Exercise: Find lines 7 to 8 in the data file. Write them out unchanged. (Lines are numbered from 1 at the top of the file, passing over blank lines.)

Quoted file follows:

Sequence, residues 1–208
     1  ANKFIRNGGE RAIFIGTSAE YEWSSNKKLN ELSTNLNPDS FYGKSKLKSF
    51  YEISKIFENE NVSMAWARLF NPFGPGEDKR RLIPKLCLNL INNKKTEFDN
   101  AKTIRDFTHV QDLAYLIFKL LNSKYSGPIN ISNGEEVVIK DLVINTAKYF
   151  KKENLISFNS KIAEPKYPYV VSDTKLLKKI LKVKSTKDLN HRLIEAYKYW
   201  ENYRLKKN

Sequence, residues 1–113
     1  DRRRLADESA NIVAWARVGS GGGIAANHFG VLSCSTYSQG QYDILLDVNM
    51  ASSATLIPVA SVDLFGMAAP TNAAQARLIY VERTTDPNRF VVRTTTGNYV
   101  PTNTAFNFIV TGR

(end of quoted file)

Sequence, residues 1–113
     1  DRRRLADESA NIVAWARVGS GGGIAANHFG VLSCSTYSQG QYDILLDVNM